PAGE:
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Detection of AmpC beta-lactamase in Escherichia coli: comparison of three phenotypic confirmation assays and genetic analysis


Peter-Getzlaff, S; Polsfuss, S; Poledica, M; Hombach, M; Giger, J; Böttger, E C; Zbinden, R; Bloemberg, G V (2011). Detection of AmpC beta-lactamase in Escherichia coli: comparison of three phenotypic confirmation assays and genetic analysis. Journal of Clinical Microbiology, 49(8):2924-2932.

Abstract

Two mechanisms account for AmpC activity in E. coli: mutations in the ampC promoter and attenuator regions resulting in ampC overexpression and/or acquisition of plasmid-encoded ampC genes. In this study we analyzed 51 clinical E. coli isolates with reduced susceptibility to amoxicillin/clavulanic acid, piperacillin/tazobactam or third generation cephalosporins for the presence of AmpC production. Three phenotypic AmpC confirmation assays (cefoxitin/cloxacillin disk diffusion test, cefoxitin/EDTA disk diffusion test, AmpC ETest) were compared for the detection of AmpC activity. All 51 isolates were genetically characterized by mutation analysis of the chromosomal ampC promoter/attenuator region and by PCR detection of plasmid-encoded ampC genes. Altogether, 21/51 (41 %) E. coli isolates were considered true AmpC producers. AmpC activity due to chromosomal ampC promoter/attenuator mutations was found in 12/21 strains, plasmid-encoded ampC genes were detected in 8/21 isolates. 1/21 strains contained both, ampC promoter mutations and a plasmid-encoded ampC gene. All three phenotypic tests were able to detect the majority (>90%) of AmpC positive strains correctly. Cefoxitin resistance was found to be a discriminative parameter, detecting 20/21 AmpC producing strains. Susceptibility to third generation cephalosporines, e.g. ceftriaxone, cetazidime and cefotaxime, was found in 9 of the 21 AmpC positive strains. When considering the elevated zone diameter breakpoints of the 2010 CLSI guidelines 2/21 AmpC positive strains were categorized susceptible to third generation cephalosporines.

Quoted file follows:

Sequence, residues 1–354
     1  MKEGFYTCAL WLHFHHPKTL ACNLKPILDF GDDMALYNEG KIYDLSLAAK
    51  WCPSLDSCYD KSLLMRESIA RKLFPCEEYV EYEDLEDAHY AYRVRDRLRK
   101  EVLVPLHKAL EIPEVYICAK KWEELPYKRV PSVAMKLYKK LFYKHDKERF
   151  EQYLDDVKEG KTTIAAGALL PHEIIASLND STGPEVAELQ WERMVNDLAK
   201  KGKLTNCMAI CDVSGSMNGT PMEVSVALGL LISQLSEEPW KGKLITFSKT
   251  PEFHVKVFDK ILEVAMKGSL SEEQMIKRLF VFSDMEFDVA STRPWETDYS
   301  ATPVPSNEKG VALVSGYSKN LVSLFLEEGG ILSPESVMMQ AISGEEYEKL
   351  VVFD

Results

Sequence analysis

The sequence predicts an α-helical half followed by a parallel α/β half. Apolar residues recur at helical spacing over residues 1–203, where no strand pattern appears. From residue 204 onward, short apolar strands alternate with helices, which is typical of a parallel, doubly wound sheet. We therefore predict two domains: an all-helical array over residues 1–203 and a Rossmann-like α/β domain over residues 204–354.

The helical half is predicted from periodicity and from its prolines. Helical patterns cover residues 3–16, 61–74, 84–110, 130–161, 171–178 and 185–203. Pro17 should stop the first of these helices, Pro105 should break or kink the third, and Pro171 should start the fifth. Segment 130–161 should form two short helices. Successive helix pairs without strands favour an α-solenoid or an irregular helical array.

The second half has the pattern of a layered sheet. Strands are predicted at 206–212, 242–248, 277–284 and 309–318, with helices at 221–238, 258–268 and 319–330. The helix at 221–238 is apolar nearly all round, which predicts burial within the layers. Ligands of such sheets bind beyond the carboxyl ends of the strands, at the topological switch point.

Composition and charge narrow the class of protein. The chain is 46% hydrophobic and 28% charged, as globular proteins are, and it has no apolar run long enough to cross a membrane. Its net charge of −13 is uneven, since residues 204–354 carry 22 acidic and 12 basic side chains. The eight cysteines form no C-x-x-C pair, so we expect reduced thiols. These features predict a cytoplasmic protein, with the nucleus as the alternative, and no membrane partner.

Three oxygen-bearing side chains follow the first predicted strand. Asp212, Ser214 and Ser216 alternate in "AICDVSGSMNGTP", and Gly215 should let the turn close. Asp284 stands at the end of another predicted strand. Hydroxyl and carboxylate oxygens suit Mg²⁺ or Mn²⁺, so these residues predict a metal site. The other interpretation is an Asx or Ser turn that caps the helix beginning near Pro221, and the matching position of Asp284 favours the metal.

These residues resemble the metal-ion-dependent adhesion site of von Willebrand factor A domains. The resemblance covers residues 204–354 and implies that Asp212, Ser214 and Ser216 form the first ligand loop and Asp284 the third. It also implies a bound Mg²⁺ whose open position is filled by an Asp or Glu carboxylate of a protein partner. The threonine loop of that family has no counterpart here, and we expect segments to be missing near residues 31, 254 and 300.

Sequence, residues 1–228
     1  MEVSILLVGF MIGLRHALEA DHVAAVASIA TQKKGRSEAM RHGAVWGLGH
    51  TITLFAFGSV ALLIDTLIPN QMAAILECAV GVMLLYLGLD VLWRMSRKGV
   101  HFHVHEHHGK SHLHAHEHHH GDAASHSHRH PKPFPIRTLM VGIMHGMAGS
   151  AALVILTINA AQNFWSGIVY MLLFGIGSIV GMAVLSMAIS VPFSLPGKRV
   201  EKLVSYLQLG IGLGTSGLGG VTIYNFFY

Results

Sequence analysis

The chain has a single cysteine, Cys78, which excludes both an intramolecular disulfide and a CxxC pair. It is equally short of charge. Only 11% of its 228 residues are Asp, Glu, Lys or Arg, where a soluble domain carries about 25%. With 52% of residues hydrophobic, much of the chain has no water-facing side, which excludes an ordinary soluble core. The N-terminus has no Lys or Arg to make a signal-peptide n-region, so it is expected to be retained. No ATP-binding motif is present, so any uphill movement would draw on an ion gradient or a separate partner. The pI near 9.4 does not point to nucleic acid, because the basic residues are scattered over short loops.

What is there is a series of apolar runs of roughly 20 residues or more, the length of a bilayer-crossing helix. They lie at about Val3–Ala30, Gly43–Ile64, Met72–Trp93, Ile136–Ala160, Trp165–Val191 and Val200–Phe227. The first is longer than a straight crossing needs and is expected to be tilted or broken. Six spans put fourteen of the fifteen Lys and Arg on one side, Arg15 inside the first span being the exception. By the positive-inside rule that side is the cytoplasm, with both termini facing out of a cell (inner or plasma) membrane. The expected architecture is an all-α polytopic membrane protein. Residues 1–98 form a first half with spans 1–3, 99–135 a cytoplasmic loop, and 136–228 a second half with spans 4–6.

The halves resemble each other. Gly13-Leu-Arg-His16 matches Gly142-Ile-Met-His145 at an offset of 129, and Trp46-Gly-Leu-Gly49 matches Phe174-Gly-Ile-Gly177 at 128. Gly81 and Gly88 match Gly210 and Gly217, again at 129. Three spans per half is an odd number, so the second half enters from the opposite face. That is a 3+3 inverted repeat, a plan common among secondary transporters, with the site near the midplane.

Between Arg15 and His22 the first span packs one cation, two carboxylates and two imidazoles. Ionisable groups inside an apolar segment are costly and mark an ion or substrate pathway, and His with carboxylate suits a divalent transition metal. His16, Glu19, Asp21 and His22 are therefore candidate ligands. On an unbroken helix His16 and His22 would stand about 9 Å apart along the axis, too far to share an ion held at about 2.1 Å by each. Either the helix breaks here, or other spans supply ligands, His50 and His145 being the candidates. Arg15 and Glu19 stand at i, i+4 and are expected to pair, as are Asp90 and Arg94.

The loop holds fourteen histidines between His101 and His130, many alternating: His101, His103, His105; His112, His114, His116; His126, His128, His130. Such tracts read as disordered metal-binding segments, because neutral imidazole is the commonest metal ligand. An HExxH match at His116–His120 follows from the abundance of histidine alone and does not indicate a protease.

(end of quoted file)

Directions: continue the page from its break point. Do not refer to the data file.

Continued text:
Abstract

Two mechanisms account for AmpC activity in E. coli: mutations in the ampC promoter and attenuator regions resulting in ampC overexpression and/or acquisition of plasmid-encoded ampC genes. In this study we analyzed 51 clinical E. coli isolates with reduced susceptibility to amoxicillin/clavulanic acid, piperacillin/tazobactam or third generation cephalosporins for the presence of AmpC production. Three phenotypic AmpC confirmation assays (cefoxitin/cloxacillin disk diffusion test, cefoxitin/EDTA disk diffusion test, AmpC ETest) were compared for the detection of AmpC activity. All 51 isolates were genetically characterized by mutation analysis of the chromosomal ampC promoter/attenuator region and by PCR detection of plasmid-encoded ampC genes. Altogether, 21/51 (41 %) E. coli isolates were considered true AmpC producers. AmpC activity due to chromosomal ampC promoter/attenuator mutations was found in 12/21 strains, plasmid-encoded ampC genes were detected in 8/21 isolates. 1/21 strains contained both, ampC promoter mutations and a plasmid-encoded ampC gene. All three phenotypic tests were able to detect the majority (>90%) of AmpC positive strains correctly. Cefoxitin resistance was found to be a discriminative parameter, detecting 20/21 AmpC producing strains. Susceptibility to third generation cephalosporines, e.g. ceftriaxone, cetazidime and cefotaxime, was found in 9 of the 21 AmpC positive strains. When considering the elevated zone diameter breakpoints of the 2010 CLSI guidelines 2/21 AmpC positive strains were categorized susceptible to third generation cephalosporines.

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Additional indexing

Item Type:Journal Article, refereed, original work
Communities & Collections:04 Faculty of Medicine > Institute of Medical Microbiology
Dewey Decimal Classification:570 Life sciences; biology
610 Medicine & health
Language:English
Date:2011
Deposited On:22 Jul 2011 12:04
Last Modified:07 Dec 2017 08:39
Publisher:American Society for Microbiology
ISSN:0095-1137
Free access at:PubMed ID. An embargo period may apply.
Publisher DOI:https://doi.org/10.1128/JCM.00091-11
PubMed ID:21653764

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